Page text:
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Appendix C (Con tin ued) The atom t ype is not restricted b y elemen t; it is used as a label only Dieren t atom t ypes can ha v e the same mass. The next few lines, after the n um ber of atom t ypes, giv e the sim ulation bo x boundaries. These are the boundary conditions. Whether or not one is using periodic boundary conditions, one has to specify the bounds of the sim ulation bo x. It is possible to use an innite sim ulation bo x, essen tially creating a sample in an innite v acuum, b y t yping INF, but this is inappropriate for our purposes. Due to the unique shape of our appro ximan t unit cell, the periodic boundary conditions are in teger m ultiples of the appro ximan t unit cell v ectors, rather than the tip unit cell, whic h is F CC; see x 3.1, 3.3. The syn tax begins with t w o n um bers whic h specify the minim um and maxim um coordinate v alues for that direction. The last line giv es the sk ewing. There are 3 sk ewing parameters that can be specied: xy will shift the upper y face (the x-z plane that is highest on the y-axis) in the x direction, xz will shift the upper z face (the x-y plane that is highest on the z-axis) in the x direction, and yz will shift the upper z face in the y direction, all in A. The LAMMPS documen tation for this is highly insucien t. When one initially inputs the bo x boundaries, LAMMPS assumes a rectilinear bo x whic h will then need to be sk ew ed to obtain other shapes, see x A.3. The origin for the sim ulation bo x is at (0, 0, 0). F or the example giv en abo v e, the unit cell v ectors are sho wn in T able C.1. V ector X ( A) Y ( A) Z ( A) a -51.3643768 158.0832968 0.00000000 b 122.2488050 0.00000000 0.00000000 c 0.00000000 0.00000000 100.8 T able C.1. These are the v ectors describing the sim ulation bo x boundaries for the example data le sho wn in Appendix C.1 The Masses k eyw ord lists the masses for all t ypes of atoms, in atomic mass units. Eac h individual atom is listed as being of a certain t ype rather than a certain mass, not only to sa v e t yping, but for another w a y to group atoms in the parameters le. There will be an 81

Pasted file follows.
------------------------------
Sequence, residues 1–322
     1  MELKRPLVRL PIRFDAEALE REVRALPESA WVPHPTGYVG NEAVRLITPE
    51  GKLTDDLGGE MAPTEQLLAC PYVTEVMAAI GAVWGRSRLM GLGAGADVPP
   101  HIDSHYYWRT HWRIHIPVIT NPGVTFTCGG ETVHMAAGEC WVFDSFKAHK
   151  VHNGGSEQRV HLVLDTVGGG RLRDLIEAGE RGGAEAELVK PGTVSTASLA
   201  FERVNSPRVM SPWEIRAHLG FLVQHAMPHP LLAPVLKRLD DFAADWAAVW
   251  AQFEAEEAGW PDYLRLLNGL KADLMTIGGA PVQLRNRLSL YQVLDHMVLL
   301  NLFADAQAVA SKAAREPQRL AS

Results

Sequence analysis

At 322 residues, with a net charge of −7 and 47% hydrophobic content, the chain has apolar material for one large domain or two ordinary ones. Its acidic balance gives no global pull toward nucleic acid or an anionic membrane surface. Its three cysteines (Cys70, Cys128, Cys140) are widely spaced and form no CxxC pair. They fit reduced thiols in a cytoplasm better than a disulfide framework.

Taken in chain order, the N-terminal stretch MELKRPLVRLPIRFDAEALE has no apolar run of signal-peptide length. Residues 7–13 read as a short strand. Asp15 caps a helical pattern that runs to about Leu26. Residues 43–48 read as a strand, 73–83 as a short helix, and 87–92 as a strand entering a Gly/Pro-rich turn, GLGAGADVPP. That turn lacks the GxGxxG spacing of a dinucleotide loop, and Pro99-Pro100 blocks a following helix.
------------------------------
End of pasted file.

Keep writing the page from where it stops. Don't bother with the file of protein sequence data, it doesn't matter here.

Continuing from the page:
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Appendix C (Con tin ued) error if a mass is not specied for eac h t ype, but more than one t ype ma y ha v e the same mass. Also, one should note that LAMMPS fail with an will error if there is a t ype-2 atom without a t ype 1; this incon v enien t feature will th us not allo w atoms to be giv en t ypes matc hing their atomic n um bers. The bulk of the data le comes after the Atoms k eyw ord. A t a minim um, the initial position and t ype of ev ery atom in the sim ulation m ust be specied here. Eac h atom is also giv en a unique in teger iden tier; this feature is utilized in the parameters le, in Appendix C.3, for grouping atoms together. The format used begins with the unique atom ID, the atom t ype, x-position, y-position, and ends with z-position. The t ype of data included in the data le is determined in the parameters le b y c hoosing the atom st yle. This w ork w as all done using the most basic st yle, `atomic'. All of the n umerical v alues in the data le will ha v e the same units that are specied in the parameters le b y the units command. C.2 P oten tial File All of the sim ulations in this researc h used the tabulated Widom-Moriart y pair potentials. LAMMPS is built to handle tabulated pair poten tials in the follo wing format. Note the problem in using the LAMMPS splining routine as documen ted in x A.2. AlAl N 303 1 0.95251 54.9408 131.907 2 1.00543 48.2862 119.59 3 1.05835 42.2834 107.273 . There can be m ultiple tables in one le, as w e ha v e done in all pots.long whic h is used for the preliminaryresults and can be found in /home/students/harper/qcr ese arch /LAM MPS 82